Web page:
The Brothers, a Monody; and Other Poems
Baldwin, Cradock and Joy, 1820 - 119 pages
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amidst arms Atheist authority azure banks beauty believe beneath beside bliss blue body bound breast breathed bright calm cheek Christian clear close dark dead death deep Deist dream earth ev'n existence eyes faith Father fear feel friends future gaze glance gleams gliding gloom glory grave green hand happy head heard heart heaven hill hope hour human innocent kind leaves light lips living look Lord memory mind mingled moral morn nature never NOTE o'er once opening pass pass'd path perfect present pure rest rise rocks rose round scene seen shade shadows shine side sight silent sleep smile soft soul sound spirit spread stars steps stones stood sweet tears thee thine things thou thought tide trees trust vision voice waters wave wind wonder youth
Page 119 - The stars of midnight shall be dear To her; and she shall lean her ear In many a secret place Where rivulets dance their wayward round, And beauty born of murmuring sound Shall pass into her face.
Page 119 - Thus nature spake— the work was done — How soon my Lucy's race was run ! She died, and left to me This heath, this calm and quiet scene ; The memory of what has been, And never more will be.
Page 114 - Sacred to neatness and repose — th' alcove, The chamber, or refectory, — may die : A necessary act incurs no blame. Not so w.hen, held within their proper bounds And guiltless of offence, they range the air, Or take their pastime in the spacious field : There they are privileged; and he that hunts Or harms them there is guilty of a wrong, Disturbs th...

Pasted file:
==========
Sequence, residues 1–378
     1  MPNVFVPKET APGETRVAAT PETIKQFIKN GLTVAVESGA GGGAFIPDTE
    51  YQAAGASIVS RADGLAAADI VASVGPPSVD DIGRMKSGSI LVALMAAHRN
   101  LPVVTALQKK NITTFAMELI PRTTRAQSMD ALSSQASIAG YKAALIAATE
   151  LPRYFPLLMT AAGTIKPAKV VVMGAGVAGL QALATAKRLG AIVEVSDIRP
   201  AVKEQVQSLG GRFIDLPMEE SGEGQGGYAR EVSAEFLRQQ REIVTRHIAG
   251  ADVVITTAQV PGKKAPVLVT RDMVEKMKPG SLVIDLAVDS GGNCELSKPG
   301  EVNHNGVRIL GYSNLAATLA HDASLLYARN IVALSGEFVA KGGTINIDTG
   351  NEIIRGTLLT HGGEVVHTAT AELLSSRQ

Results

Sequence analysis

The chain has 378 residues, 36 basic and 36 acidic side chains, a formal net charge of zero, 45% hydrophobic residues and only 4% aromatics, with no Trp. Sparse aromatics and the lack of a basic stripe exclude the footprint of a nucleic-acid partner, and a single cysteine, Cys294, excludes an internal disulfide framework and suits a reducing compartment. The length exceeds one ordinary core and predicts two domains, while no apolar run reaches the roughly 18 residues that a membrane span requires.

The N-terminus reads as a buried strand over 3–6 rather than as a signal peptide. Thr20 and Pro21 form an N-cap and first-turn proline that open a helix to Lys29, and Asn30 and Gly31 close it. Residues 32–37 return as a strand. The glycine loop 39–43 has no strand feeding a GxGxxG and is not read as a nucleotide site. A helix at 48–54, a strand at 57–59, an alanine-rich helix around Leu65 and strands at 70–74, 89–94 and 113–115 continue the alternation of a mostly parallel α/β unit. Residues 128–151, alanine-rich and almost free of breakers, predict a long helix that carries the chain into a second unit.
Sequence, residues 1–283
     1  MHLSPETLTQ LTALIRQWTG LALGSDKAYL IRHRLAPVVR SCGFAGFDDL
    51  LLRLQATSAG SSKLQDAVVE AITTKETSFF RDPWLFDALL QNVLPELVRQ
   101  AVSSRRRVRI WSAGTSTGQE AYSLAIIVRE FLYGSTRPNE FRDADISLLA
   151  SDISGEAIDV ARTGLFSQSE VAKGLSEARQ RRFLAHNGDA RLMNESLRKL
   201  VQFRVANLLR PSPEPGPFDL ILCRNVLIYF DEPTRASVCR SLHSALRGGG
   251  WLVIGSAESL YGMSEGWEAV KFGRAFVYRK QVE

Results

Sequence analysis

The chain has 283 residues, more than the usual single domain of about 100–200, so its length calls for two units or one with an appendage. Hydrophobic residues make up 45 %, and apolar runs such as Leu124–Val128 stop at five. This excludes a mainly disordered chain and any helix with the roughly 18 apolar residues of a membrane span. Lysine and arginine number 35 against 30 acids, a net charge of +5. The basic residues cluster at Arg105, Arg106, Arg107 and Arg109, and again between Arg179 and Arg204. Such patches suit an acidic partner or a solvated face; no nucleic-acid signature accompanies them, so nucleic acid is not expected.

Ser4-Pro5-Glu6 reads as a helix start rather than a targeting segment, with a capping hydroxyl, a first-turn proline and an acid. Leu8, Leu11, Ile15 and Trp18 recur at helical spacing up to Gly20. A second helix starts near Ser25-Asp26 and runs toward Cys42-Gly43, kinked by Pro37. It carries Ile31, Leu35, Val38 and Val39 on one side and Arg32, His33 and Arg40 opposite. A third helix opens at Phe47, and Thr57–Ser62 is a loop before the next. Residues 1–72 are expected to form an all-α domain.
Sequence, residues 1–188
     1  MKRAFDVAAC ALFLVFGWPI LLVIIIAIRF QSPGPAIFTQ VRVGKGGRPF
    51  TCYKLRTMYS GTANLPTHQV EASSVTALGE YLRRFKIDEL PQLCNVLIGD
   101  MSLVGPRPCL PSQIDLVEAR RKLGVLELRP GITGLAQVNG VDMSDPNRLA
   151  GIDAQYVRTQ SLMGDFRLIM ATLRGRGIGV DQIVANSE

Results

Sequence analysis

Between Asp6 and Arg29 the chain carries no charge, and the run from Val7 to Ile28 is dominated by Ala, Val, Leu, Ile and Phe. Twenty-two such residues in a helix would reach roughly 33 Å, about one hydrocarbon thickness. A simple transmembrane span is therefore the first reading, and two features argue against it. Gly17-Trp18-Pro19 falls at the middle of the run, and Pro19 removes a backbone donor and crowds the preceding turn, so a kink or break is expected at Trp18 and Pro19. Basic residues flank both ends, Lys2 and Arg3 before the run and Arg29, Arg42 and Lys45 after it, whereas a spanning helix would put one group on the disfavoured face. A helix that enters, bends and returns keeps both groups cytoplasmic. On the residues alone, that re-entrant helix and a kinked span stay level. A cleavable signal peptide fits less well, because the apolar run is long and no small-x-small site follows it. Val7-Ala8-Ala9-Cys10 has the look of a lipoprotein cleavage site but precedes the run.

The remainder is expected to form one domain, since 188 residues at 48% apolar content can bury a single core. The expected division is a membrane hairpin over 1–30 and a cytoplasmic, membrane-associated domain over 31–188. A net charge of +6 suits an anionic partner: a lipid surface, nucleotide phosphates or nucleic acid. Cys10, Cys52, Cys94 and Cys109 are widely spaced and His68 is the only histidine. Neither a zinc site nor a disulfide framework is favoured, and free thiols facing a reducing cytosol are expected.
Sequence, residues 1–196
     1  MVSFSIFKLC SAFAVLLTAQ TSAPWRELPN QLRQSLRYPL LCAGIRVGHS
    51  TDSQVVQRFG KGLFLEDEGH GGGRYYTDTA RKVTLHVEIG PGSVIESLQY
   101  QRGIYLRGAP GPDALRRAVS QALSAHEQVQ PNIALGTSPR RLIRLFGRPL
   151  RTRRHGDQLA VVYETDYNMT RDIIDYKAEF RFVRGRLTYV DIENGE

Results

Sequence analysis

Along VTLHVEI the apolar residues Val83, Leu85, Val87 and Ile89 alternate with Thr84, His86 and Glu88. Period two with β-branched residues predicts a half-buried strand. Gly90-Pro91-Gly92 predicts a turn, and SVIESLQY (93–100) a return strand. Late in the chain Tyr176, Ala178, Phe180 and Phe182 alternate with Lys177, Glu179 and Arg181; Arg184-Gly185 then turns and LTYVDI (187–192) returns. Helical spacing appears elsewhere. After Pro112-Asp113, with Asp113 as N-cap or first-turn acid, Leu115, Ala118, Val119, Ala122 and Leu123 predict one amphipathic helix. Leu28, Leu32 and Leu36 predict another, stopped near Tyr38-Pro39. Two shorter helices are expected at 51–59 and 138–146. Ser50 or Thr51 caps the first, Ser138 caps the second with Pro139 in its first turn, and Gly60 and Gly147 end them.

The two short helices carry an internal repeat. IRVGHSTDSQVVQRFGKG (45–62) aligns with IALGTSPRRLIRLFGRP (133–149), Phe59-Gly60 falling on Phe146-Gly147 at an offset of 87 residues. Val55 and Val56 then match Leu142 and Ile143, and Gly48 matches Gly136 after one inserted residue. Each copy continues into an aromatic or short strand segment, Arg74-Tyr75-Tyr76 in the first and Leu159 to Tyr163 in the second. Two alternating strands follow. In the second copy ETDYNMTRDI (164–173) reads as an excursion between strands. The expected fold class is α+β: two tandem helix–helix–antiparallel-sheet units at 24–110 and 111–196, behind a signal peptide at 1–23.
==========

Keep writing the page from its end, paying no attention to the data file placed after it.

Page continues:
Page 102 - If after the manner of men I have fought with beasts at Ephesus, what advantageth it me, if the dead rise not? let us eat and drink; for to-morrow we die.
Page 102 - For to me to live is Christ, and to die is gain. But if I live in the flesh, this is the fruit of my labour: yet what I shall choose I wot not. For I am in a strait betwixt two, having a desire to depart, and to be with Christ ; which is far better : nevertheless to abide in the flesh is more needful for you.
Page 99 - Bitter constraint, and sad occasion dear Compels me to disturb your season due : For Lycidas is dead, dead ere his prime, Young Lycidas, and hath not left his peer : Who would not sing for Lycidas ? he knew Himself to sing, and build the lofty rhyme. He must not float upon his watery bier Unwept, and welter to the parching wind, Without the meed of some melodious tear.
Page 114 - Tell ye, and bring them near; Yea, let them take counsel together: Who hath declared this from ancient time? who hath told it from that time? Have not I the Lord ? and there is no God else beside me; A just God and a Saviour; there is none beside me. Look unto me, and be ye saved, all the ends of the earth: For I am God, and there is none else.
Page 114 - Thus saith the LORD, thy redeemer, and he that formed thee from the womb, I am the LORD that maketh all things ; that stretcheth forth the heavens alone ; that spreadeth abroad the earth by myself...
Page 117 - Blessed be God, even the Father of our Lord Jesus Christ. " The Father of mercies and the God of all comfort".
Page 119 - And the Lord shall be King over all the earth : in that day shall there be one Lord, and His name one.